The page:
I’m a writer. Not by profession, but by nature. When something touches me in some way, my inclination is to write about it. I’ve written about Hanson and the way their music affects me a few times, but I’ve never tackled the subject of their tours specifically. It’s worth its own write up, because there is something inherently different in hearing a song you love through the medium of stereo speakers or headphones and in hearing it live with no buffer between their lungs and your ears.
But I would be lying if I led you to believe it’s about sound quality. It’s not. Sometimes the sound levels are so skewed and off-balance that I only know what they’re singing because I know each song by heart. Sometimes there’s one speaker in my face and another in my ear, and it’s all so loud that it starts to make my head pound. Sometimes someone forgets the lyrics and messes up an entire verse from my favorite song, or a guitar string breaks, or a mic loses signal. And more often than not, there are people screaming and drowning out the sweet music I traveled so far to hear, but it’s all part of the experience.
So I’ve effectively described what it’s like to see a live show—any live show—but that’s only part of my goal. For me, it’s more than just a show. Literally, it’s usually more like five, depending on the circumstances. To see Hanson live is to go on a mini-tour with people that feel the same way I do. It’s a vacation from all of the stress of your job, or your family, or your school work. It’s an excuse to forego makeup and healthy food and a good night’s rest and several social norms (such as the stigma that lies with dancing in streets, walking barefoot in public, and sleeping on sidewalks). Above all, it’s an opportunity to just let go and be. Call me crazy (you wouldn’t be the first), but there’s something so liberating and transcendent about standing in a room full of people who feel the same way I do, people I’d never cross paths with otherwise, and just letting go.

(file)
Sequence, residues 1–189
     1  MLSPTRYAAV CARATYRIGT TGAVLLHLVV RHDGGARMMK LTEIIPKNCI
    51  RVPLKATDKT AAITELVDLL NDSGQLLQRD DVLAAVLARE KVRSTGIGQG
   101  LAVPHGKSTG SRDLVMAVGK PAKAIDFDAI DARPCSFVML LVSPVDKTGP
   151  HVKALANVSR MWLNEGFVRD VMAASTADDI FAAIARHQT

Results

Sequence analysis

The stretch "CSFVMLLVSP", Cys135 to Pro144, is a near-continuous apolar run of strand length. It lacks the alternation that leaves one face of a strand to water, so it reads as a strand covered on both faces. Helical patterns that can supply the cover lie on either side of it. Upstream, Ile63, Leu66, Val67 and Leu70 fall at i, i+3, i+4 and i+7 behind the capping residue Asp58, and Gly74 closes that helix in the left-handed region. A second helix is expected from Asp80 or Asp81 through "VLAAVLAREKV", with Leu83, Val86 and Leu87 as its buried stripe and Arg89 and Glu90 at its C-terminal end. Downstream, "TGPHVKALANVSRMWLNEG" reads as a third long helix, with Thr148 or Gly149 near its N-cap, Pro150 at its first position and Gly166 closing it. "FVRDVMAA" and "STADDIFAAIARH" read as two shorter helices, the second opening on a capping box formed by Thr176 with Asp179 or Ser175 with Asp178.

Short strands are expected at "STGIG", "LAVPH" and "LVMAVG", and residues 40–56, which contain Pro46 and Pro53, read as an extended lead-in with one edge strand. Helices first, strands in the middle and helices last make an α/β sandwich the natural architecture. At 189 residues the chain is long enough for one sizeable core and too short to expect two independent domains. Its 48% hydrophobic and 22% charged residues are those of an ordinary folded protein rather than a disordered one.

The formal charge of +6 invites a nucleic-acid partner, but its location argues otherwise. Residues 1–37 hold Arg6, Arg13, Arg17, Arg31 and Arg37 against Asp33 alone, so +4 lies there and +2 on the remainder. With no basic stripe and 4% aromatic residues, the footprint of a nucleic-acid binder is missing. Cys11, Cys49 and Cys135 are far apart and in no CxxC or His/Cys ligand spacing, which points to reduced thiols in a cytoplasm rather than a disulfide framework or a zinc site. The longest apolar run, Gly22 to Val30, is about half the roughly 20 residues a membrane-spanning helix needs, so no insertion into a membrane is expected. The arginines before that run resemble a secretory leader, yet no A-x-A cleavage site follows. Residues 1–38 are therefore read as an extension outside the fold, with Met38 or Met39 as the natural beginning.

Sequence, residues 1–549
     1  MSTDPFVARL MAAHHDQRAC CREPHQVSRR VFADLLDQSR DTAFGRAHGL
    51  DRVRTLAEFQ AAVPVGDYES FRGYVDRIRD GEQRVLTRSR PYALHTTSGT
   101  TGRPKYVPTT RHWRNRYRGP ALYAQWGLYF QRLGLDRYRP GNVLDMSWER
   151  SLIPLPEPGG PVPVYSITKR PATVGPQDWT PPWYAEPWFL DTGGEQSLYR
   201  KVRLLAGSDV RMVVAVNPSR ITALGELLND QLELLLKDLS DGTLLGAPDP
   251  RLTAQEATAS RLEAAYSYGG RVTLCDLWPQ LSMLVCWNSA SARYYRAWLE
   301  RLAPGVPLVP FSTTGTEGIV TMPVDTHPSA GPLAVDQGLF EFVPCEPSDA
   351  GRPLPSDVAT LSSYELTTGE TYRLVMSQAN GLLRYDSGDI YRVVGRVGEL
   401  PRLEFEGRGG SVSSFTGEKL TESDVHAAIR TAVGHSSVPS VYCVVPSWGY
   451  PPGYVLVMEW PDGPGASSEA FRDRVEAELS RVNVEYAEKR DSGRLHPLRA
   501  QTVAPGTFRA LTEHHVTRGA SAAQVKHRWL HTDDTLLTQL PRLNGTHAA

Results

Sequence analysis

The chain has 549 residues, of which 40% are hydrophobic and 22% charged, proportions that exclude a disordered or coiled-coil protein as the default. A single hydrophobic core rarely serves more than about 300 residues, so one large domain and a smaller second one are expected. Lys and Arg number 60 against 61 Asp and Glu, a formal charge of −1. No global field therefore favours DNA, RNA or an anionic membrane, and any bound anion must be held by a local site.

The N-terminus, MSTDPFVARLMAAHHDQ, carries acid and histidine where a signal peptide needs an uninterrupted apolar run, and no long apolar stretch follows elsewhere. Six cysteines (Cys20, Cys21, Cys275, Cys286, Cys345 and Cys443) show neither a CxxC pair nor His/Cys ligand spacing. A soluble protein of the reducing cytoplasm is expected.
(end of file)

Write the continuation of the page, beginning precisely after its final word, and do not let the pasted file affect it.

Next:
For me, it’s an opportunity to be something I’m normally not: uninhibited. I’m an adult, a college graduate, a professional with responsibilities and bills and worries, just like the majority of the population. I wake up, I dress conservatively, I smile, nod, explain things, and maintain composure throughout the day. I return home, I eat a modest meal, I plan, and I go to bed. Wash, rinse, repeat. But when tour time rolls around, I’m something entirely different. I wake up in the middle of the night and drive six hours to meet up with fellow fans. I wear ponytails and t-shirts and flip flops, and I laugh so hard that I snort. I take part in the most ridiculous conversations I’ve ever heard in my life regarding llamas, beef jerky, and stinky feet. I eat burritos and gas station hot dogs. I sing at the top of my lungs. I’m happy.
When I first started writing this, I intended it to be some kind of praise for Hanson’s music, but I realize it’s more than that. In fact, half of the things I love about tour so much aren’t even directly related to Hanson at all. It’s crazy how much can be built around a piece of music, but here I am, 20 shows, thousands of miles, and hundreds of hours later, completely taken away by these guys and what they unknowingly do for me. They give me an outlet to be something I’m not brave enough to be most of the time—my own, quirky, self. And that’s something worth chasing for the rest of my life.